CAPE TOWN. – Tobias Basson’s primary vision of healing and restoring people before making them self-sustainable agricultural entrepreneurs, and his partnerships with Dr. Ruben Richards at Namakawaland Sitrus and with Tina Thiart at 1000 Women Farm, are destined to transform the Sandveld region in the Western Cape into a hub for prospering women farmers, while also serving as a healing balm to women who have survived gender-based violence.
Basson is the managing director of Namakwaland Sitrus.
1000 Women Trust is partnering with Basson of Namakwaland Sitrus and with Dr. Ruben Richards of the Ruben Richards Foundation to establish a restoration center and a joint venture that will take the economic empowerment of women to a new level.
The new partnership focuses on transferring ownership of an existing farm owned by Namakwaland Sitrus, to the new entity called 1000 Women Farm.
1000 Women farm will accommodate and restore 100 survivors of gender-based violence per annum in their on-site restoration center. This is a consequence of a strategic decision made by Namakwaland Sitrus to dedicate its vegetable business to the restoration of survivors of gender-based violence.
Basson outlined his own vision and strategic goals that have led to the historic partnerships.
He says, “Who you are, determines the DNA of any business, the strategic decision you are going to take on how you grow and where you will invest your money.”
“Even before I met Dr. Richards, our purpose as the company was to do healing work in the region and further afield on our African continent, specifically Uganda. Our strategic goal as a commercial farming business was to heal the people, to heal the land, instead of first healing the land and then healing the people. Ultimately, people are more important than the land. Healed people will create a healed ecosystem of resources and economy that will take care of land as well.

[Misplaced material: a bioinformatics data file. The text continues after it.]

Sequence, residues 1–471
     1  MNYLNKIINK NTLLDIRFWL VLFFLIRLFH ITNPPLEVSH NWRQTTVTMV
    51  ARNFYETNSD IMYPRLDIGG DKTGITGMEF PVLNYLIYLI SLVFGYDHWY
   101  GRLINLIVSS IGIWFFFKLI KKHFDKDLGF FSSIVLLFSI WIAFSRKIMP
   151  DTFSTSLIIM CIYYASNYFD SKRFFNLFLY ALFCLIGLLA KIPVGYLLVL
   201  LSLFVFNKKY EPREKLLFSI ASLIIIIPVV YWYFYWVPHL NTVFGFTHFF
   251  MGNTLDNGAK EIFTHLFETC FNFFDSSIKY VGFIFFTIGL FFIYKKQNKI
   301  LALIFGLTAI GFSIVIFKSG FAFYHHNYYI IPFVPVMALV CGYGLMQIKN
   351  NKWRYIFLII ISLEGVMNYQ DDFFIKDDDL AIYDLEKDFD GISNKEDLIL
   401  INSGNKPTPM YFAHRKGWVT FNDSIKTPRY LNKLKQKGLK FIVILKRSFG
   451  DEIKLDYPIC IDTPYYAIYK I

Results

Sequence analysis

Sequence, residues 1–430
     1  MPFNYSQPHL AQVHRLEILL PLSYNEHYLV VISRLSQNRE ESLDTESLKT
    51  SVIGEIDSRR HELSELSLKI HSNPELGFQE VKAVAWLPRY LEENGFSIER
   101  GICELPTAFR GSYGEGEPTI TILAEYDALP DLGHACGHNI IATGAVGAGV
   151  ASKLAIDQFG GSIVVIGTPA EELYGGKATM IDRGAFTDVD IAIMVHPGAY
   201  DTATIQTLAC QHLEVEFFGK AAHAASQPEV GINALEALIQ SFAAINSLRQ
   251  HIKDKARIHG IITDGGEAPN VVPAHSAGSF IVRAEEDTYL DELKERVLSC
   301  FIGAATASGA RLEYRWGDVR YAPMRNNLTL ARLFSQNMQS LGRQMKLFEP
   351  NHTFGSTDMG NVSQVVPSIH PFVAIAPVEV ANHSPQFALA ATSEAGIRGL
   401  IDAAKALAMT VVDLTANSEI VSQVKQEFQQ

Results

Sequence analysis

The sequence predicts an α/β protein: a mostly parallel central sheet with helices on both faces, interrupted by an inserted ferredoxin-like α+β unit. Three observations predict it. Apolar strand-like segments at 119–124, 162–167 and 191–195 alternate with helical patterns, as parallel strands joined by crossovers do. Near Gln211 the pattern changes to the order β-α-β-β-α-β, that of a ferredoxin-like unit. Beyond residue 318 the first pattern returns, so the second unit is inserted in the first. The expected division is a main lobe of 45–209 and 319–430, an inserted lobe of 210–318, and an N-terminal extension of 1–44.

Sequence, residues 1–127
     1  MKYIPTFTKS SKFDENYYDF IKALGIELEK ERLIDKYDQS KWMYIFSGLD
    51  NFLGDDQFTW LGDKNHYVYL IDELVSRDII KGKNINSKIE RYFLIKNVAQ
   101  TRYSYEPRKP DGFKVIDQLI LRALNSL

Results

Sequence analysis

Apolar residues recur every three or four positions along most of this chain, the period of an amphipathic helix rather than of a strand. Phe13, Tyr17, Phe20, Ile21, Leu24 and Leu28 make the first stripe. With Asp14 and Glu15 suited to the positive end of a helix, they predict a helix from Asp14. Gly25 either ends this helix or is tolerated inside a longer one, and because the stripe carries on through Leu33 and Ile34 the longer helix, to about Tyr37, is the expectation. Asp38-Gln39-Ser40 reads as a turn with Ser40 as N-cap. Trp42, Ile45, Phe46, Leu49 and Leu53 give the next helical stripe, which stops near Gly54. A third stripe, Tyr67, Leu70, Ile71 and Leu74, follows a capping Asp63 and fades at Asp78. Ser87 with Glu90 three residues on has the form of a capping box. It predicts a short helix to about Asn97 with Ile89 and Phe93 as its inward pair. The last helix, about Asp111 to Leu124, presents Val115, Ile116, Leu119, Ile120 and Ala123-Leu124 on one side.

“In Uganda, I saw that the biggest need was to improve the productivity of small farmers. And this was best done by ensuring the availability of better seeds.
“So Namakwaland Sitrus established a farming system over five years that helped provide local farmers with better varieties of seed grown to a high-quality standard. We improved the productivity output of partnering farmers by 50%.
“The entire seed supply farming system is run today by a 100% Ugandan management team and workforce. The farm production manager started life as a qualified schoolteacher. After five years of active coaching and mentorship and no prior experience, he is a competent potato grower managing the biggest irrigated potato farm in Uganda, namely Namakwaland Farms Uganda.
“By divine appointment I met Dr Richards in October 2019. After lengthy discussions, getting to know each other better, he became the 51 % shareholder of Namakwaland Sitrus.